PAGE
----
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Written byPlautus
CharactersEpidicus (slave to Periphanes)
A soldier
A music girl
A money-lender

Epidicus is an ancient Roman comedy written by T. Maccius Plautus. It is said to have been one of Plautus's favorite works. Epidicus is the name of the main character, who is a slave. The plot takes many turns as Epidicus tries to please his master's son, Stratippocles.

The main plot was based upon a Greek play. However, the storyline was changed in order to prevent a brother from marrying his half-sister. The Romans considered this incest, which deeply disturbed them; the Greeks, however, were not bothered by this.[citation needed]

The pronunciation of "Epidicus" is with four short vowels.[1]


  • Epidicus – slave to Periphanes.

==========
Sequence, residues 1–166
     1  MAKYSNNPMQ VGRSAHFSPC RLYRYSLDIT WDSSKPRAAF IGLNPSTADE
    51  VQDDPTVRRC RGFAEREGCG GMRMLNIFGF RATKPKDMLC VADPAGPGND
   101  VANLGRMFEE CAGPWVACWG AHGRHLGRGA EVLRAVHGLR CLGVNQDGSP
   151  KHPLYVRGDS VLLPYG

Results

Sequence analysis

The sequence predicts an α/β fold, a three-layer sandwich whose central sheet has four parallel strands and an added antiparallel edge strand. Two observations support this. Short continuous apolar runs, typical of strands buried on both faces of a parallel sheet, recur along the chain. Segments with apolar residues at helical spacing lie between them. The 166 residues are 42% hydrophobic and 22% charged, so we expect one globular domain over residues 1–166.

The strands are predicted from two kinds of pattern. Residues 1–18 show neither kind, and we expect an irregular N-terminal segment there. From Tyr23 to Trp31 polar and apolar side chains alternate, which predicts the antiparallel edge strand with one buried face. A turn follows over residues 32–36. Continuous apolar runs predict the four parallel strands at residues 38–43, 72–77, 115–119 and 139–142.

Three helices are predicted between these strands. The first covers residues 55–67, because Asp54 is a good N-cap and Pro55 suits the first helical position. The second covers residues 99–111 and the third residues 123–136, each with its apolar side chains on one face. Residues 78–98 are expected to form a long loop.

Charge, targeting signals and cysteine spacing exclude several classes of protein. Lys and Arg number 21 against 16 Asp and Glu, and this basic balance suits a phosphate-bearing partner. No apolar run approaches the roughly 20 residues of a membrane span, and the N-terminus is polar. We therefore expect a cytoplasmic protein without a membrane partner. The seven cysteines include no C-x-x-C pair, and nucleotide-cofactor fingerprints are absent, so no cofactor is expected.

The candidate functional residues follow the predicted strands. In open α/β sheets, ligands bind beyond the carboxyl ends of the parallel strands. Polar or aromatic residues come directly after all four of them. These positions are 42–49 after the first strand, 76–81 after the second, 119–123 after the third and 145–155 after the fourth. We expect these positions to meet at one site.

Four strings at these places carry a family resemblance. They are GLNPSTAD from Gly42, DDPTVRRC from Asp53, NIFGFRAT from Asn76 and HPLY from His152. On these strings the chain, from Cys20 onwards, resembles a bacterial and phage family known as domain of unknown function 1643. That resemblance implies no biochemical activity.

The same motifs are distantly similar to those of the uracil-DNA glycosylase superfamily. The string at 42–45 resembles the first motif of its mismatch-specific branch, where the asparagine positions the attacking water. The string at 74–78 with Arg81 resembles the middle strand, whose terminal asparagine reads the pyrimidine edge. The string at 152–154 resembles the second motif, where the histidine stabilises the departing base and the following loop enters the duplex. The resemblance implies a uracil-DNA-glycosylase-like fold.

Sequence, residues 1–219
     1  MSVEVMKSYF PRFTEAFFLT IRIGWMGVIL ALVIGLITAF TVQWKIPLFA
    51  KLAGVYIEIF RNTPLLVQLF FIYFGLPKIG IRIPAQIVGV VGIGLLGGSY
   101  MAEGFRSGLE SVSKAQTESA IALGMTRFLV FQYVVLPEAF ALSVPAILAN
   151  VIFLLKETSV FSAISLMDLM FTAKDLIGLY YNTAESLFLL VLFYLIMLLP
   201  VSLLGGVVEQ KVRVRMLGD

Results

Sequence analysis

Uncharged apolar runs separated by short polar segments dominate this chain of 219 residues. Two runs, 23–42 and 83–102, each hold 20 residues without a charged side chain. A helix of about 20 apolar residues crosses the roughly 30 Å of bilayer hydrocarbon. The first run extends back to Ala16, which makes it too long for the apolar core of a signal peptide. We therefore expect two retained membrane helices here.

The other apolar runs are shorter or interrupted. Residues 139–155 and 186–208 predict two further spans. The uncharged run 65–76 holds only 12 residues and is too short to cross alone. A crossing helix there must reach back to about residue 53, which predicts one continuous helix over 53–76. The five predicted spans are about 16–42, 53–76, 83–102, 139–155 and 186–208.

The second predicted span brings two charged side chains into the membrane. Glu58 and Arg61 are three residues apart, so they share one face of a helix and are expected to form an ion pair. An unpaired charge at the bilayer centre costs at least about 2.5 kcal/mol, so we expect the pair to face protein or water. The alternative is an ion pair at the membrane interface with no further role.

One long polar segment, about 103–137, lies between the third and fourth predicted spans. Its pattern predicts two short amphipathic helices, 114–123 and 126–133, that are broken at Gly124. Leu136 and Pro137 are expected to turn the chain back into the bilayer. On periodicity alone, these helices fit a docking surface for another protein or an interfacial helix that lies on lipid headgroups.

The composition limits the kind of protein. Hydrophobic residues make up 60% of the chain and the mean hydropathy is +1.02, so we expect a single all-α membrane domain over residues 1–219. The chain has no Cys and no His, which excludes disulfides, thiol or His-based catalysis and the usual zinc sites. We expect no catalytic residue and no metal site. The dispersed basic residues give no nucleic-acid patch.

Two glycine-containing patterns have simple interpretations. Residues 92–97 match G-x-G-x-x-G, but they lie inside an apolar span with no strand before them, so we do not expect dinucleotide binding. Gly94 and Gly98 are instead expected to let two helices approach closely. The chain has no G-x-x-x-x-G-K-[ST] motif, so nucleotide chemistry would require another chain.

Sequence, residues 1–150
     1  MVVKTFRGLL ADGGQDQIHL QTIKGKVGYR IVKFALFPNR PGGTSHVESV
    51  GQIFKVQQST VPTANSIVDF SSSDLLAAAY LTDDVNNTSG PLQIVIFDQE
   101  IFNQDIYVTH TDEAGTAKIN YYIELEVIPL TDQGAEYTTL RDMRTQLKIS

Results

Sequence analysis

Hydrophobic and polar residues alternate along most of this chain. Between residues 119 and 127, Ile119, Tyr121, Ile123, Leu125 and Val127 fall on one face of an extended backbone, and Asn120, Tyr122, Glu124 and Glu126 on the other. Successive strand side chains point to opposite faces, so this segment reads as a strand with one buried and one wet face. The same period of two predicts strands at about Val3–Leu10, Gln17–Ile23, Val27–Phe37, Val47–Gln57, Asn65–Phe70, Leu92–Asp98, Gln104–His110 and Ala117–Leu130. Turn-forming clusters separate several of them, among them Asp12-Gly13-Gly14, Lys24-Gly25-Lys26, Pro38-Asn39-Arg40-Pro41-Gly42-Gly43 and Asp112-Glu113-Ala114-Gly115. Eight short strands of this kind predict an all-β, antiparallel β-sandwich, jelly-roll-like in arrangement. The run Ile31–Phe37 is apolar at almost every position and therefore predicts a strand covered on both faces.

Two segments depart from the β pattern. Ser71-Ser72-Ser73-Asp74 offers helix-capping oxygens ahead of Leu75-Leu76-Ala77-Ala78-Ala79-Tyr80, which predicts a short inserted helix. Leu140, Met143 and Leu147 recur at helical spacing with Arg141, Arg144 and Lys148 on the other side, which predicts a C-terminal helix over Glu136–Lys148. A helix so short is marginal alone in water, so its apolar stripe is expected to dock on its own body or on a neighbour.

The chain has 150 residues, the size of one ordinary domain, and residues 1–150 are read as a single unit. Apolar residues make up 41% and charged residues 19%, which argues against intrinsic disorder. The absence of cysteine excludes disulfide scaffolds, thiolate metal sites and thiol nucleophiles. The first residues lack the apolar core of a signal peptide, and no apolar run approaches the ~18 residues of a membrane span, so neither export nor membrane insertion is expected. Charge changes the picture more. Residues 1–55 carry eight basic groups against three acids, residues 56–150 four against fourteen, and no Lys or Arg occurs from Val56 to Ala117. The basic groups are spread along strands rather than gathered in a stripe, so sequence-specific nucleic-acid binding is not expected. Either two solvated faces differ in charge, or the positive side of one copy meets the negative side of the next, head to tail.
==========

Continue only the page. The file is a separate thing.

• Thesprio – another slave, armour bearer of Stratippocles.
  • Stratippocles – a young Athenian, son of Periphanes; he is summoned to war in Thebes between the Athenians and Thebans. Has his slave, Epidicus, purchase a slave girl, Acropolistis, after he leaves for war. Once in Thebes, however, he falls in love with another girl, Telestis, whom he purchases on borrowed money.
  • Chaeribulus – agemate and friend of Stratippocles
  • Periphanes – a widowed Athenian gentleman who has an unmarried son, Stratippocles. He had a relationship with a Theban woman, Philippa and had an illegitimate daughter, Telestis, who lives with her mother in Thebes.
  • Apoecides – a neighbour and friend of Periphanes
  • Soldier – a wealthy young soldier who is in love with Acropolistis and wishes to purchase her
  • Philippa – a woman formerly seduced by Periphanes. A woman of Thebes who has an illegitimate daughter, Telestis.